Thursday, March 10, 2016
The first module of the Microinsurance in Africa Expert Forum series took place last week, with around 50 participants joining facilitator David Ashiagbor, Coordinator of Making Finance Work for Africa (MFW4A) and topic expert Michael J. McCord, Chair of the Microinsurance Network and President of the MicroInsurance Centre in an interactive discussion on product evolution in the African region.
The vast majority of Forum participants specified that product evolution is a deliberate part of their organisation or institution’s microinsurance strategy. McCord highlighted that expansion and diversification of products in Africa in the three-year period between 2011 and 2014 has been driven by new technological solutions and distribution channels. He went on to stress that an important component of the sector evolution process is that insurers are starting to recognise the significance of understanding the market and their client’s needs.
Participant Saagar Khimasia, of APA Insurance in Kenya, shared that whilst his organisation began with an asset replacement programme for livestock, it slowly evolved and learned that it would better serve its target market with an asset protection policy, thus increasing the value chain and helping out the entire community.
The Landscape of Microinsurance in Africa report, published by the Microinsurance Network and Munich Re Foundation, in cooperation with Making Finance Work for Africa and GIZ on behalf of BMZ and carried out by the MicroInsurance Centre, is due to be released this quarter, and the numbers indicate a constant evolution of the market in the region. Whilst several insurance companies have moved out of the market, more and more insurers have recognised microinsurance as a profitable business and entered the market: 37 new insurance companies are providing microinsurance products since 2011, with 46 products discontinued and 96 new products introduced – a clear sign of the evolution of the market.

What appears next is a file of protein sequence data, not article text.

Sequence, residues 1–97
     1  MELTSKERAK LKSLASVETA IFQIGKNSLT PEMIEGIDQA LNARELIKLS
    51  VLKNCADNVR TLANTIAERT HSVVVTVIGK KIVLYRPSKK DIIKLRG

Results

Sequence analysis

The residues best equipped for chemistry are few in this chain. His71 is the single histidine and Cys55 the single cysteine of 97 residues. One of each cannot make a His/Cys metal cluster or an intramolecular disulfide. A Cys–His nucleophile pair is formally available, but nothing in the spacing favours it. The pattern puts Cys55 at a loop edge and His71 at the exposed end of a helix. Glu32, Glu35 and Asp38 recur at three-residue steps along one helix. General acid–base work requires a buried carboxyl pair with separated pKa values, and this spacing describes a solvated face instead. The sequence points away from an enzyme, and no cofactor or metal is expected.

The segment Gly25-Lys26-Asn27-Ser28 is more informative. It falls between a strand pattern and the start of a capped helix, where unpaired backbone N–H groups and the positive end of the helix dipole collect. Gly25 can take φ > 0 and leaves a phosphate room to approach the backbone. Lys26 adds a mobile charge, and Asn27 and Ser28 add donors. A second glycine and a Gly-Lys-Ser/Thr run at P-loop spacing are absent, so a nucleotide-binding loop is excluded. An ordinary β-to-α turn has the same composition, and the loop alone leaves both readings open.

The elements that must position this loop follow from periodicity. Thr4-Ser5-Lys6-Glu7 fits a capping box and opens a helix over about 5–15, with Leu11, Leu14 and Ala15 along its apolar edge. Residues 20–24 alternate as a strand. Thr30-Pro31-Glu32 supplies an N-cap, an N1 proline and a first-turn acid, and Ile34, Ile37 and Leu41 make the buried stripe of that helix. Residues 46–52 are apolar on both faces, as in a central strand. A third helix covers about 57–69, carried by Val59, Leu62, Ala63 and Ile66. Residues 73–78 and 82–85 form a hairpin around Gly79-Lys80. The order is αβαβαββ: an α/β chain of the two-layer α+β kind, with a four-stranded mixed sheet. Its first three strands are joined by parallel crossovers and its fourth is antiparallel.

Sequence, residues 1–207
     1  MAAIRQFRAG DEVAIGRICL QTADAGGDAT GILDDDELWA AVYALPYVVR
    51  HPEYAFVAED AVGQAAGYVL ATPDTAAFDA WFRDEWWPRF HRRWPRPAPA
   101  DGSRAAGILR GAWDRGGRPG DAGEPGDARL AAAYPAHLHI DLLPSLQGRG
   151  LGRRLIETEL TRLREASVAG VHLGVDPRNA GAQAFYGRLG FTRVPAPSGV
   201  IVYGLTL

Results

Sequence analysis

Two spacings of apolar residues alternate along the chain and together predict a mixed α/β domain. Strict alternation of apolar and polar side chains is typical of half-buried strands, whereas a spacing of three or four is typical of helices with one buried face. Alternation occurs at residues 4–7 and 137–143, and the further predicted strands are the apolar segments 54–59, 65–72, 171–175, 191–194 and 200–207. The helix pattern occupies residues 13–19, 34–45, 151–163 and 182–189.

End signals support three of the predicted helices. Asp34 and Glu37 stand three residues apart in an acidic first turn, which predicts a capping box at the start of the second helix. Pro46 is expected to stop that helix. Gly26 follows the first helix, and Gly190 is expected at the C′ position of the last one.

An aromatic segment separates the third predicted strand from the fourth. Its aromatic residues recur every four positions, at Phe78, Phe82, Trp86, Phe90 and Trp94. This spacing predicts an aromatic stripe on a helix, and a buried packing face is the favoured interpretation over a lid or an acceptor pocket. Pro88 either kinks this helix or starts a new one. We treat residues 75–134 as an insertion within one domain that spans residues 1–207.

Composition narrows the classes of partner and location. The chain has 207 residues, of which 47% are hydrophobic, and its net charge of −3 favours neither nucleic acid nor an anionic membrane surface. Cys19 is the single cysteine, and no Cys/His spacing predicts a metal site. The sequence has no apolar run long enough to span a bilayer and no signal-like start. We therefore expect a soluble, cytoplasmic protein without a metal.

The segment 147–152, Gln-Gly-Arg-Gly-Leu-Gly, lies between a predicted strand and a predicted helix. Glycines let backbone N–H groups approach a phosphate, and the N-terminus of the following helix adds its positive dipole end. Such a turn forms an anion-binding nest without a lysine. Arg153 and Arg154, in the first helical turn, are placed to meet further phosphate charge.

McCord singled out a few trends in the evolution of the market for products and for the providers themselves, remarking that new providers are generally more knowledgeable about the market. In terms of products, he highlighted an increase in voluntary products (from 36% in 2011 to 58% in 2014), bundled products (from 30% in 2011 to 45% in 2014) and in product variety (uptick in health and property, for example). The growth in voluntary products shows the market’s willingness to purchase products, rather than have it forced upon them. Meanwhile, the proliferation of bundling, which includes multiple types of coverage within one product, helps bring about variety.
Regulatory incentives were also pinpointed as an enabling factor for product evolution and development. Luc Noubissi of CIMA shed light on this, explaining that within the CIMA region of 14 countries, the first microinsurance regulation was enacted in 2012. This led to incentives, such as insurance contracts, being written in local languages, and the opportunity for insurers to sell mass insurance contracts. With the growing interest in mobile insurance, a new project was created to develop specific regulation for mobile insurance. Noubissi explained that from a consumer protection perspective, specific regulation is key to allowing insurers to develop microinsurance products.
Following on from this, McCord added that regulation is often responsive to technological opportunities, but because there’s a time delay, input from regulators and supervisors is required to enable evolution.
A discussion was held around the difficulties of fostering product evolution and how these can be overcome. McCord opened by saying that there is a formal process that needs to be followed to develop a new product, starting with understanding client needs (A Forum poll showed that 16 of 23 participants say that fostering product evolution is a part of their company's strategy). Once the real needs are sought out, and a diagnosis of the gaps and risks faced by target clients is done, a clear path towards product evolution can be pushed, leading to additional and more valuable products.
The importance of localising and gaining knowledge of problems from a local perspective, was a point brought up by Michele Grosso from Democrance. The social, cultural and economic context of a particular region is a huge factor to be taken into consideration for the implementation of insurance and other financial services. Only by applying global knowledge to local situations and addressing issues specific to local markets can one bring about successful implementation of microinsurance schemes.
To view the full presentation displayed during the Forum, click here.
To listen to the recording of the Forum, click here.